Sorin talks to Shondaland about her new PBS documentary, which takes a look at the history of Black people on the open road.
— MEKEISHA MADDEN, SHONDALAND
Gretchen Sorin didn’t understand her parents’ road-trip routines when she was growing up. Her father, Clyde Sullivan, would often begin the eight-hour journey from their home in Newark, New Jersey to her mother’s hometown of Fayetteville, North Carolina as early as 3 a.m. — and he always drove the speed limit.
Four-wheel family vacations were all the rage in the 1950s and 60s, but the Sullivan family never stopped at hotels or restaurants, despite the pleas of Sorin and her brother.
James Earl Chaney (May 30, 1943 – June 21, 1964) was one of three Congress of Racial Equality (CORE) field/social workers killed in Philadelphia, Mississippi, by members of the Ku Klux Klan. The others were Andrew Goodman and Michael Schwerner from New York City.
In 1962, Chaney participated in a Freedom Ride from Tennessee to Greenville, Mississippi, and in another from Greenville to Meridian. He and his younger brother participated in other non-violent demonstrations, as well. James Chaney started volunteering in late 1963, and joined the Congress of Racial Equality (CORE) in Meridian. He organized voter education classes, introduced CORE workers to local church leaders, and helped CORE workers get around the counties.
In 1964, he met with leaders of the Mt. Nebo Baptist Church to gain their support for letting Michael Schwerner, CORE’s local leader, come to address the church members, to encourage them to use the church for voter education and registration. Chaney also acted as a liaison with other CORE members.
Chaney and fellow civil rights workers Michael Schwerner and Andrew Goodman were killed near the town of Philadelphia, Mississippi. They were investigating the burning of Mt. Zion Methodist Church, which had been a site for a CORE Freedom School. In the wake of Schwerner and Chaney’s voter registration rallies, parishioners had been beaten by whites. They accused the Sheriff’s Deputy, Cecil Price, of stopping their caravan and forcing the deacons to kneel in the headlights of their own cars, while white men beat them with rifle butts. The same whites who beat them were also identified as having burned the church.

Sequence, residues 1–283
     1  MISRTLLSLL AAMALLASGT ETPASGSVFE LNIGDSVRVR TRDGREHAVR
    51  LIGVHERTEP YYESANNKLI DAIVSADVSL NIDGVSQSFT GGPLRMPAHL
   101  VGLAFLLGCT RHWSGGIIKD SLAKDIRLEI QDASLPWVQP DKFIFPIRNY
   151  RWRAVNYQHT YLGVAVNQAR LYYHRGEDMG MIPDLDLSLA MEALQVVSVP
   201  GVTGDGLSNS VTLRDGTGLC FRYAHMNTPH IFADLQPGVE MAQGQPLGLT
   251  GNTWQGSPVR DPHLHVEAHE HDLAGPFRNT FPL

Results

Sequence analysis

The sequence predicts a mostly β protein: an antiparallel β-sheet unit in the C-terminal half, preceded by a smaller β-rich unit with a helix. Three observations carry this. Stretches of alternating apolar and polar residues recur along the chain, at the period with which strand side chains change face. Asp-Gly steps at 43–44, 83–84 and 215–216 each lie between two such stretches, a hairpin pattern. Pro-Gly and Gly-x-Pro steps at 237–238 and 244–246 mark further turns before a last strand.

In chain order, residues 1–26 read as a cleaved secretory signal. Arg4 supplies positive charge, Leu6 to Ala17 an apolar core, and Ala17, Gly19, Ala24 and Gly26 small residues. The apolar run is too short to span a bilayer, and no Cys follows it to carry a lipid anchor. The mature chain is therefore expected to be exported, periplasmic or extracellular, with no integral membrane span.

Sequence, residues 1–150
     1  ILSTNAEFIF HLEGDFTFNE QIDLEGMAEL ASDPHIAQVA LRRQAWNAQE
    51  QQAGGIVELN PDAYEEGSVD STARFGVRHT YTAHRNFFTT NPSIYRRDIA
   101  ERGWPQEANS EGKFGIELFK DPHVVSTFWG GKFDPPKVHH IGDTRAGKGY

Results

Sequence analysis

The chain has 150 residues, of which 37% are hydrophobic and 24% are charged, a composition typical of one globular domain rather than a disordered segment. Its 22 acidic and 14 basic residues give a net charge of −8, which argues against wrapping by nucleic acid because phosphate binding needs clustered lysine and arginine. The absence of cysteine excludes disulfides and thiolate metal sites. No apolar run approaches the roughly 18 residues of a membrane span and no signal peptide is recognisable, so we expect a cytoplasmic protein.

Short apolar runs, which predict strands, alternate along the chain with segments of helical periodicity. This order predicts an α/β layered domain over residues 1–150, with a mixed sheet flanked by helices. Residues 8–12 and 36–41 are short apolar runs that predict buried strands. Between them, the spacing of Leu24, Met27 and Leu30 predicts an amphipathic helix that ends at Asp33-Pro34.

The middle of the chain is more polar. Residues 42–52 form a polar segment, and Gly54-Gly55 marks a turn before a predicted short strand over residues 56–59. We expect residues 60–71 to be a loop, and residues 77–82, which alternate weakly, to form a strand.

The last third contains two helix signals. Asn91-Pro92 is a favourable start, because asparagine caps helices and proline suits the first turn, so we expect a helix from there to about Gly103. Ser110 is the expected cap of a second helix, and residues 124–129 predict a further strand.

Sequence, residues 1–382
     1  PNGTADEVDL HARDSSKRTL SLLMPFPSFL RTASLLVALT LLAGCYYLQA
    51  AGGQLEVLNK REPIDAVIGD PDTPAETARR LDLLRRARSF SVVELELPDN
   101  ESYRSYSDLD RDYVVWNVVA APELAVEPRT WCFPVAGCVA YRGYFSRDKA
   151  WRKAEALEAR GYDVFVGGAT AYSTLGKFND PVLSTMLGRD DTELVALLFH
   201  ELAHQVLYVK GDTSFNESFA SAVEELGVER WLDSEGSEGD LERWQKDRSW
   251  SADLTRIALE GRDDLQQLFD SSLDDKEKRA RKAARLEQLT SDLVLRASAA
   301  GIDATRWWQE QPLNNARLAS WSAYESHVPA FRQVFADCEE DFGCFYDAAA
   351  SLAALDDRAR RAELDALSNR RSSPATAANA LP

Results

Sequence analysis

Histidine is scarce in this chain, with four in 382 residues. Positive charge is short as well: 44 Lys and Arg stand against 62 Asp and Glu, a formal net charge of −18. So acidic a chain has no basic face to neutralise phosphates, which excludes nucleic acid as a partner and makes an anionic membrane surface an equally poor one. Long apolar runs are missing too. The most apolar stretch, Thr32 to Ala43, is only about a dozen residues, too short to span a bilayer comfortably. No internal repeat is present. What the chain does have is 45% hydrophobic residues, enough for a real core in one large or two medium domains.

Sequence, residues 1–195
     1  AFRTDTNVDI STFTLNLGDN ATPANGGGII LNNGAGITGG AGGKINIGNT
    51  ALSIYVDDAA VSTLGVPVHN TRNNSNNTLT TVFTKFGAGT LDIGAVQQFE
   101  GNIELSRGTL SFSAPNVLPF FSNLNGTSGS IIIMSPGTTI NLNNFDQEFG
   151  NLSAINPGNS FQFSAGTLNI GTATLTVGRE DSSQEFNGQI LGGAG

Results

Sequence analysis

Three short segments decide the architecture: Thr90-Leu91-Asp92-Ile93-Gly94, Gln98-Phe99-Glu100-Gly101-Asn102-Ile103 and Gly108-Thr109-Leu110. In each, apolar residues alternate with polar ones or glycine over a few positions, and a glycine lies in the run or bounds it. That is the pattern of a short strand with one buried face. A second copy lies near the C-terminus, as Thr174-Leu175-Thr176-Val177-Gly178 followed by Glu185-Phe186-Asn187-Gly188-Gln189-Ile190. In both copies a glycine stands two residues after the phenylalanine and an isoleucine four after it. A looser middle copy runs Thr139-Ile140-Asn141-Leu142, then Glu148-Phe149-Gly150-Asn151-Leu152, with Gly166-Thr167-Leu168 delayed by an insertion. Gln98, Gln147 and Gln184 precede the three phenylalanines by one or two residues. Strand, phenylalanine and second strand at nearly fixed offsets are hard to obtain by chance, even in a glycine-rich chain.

Price arrested Chaney, Goodman, and Schwerner for an alleged traffic violation and took them to the Neshoba County jail. They were released that evening, without being allowed to telephone anyone. On the way back to Meridian, they were stopped by patrol lights and two carloads of KKK members on Highway 19, then taken in Price’s car to another remote rural road. The men approached then shot and killed Schwerner, then Goodman, both with one shot in the heart and finally Chaney with three shots, after severely beating him. They buried the young men in an earthen dam nearby.
The men’s bodies remained undiscovered for 44 days. The FBI was brought into the case by John Doar, the Department of Justice representative in Mississippi monitoring the situation during Freedom Summer. The missing civil rights workers became a major national story, especially coming on top of other events as civil rights workers were active across Mississippi in a voter registration drive.
Schwerner’s widow Rita, who also worked for CORE in Meridian, expressed indignation that the press had ignored previous murders and disappearances of blacks in the area, but had highlighted this case because two white men from New York had gone missing. She said she believed that if only Chaney were missing, the case would not have received nearly as much attention.
Source – James Chaney (Updated: 28 September 2020) Wikipedia. Available at https://en.wikipedia.org/wiki/James_Chaney, (Accessed: 21 October 2020)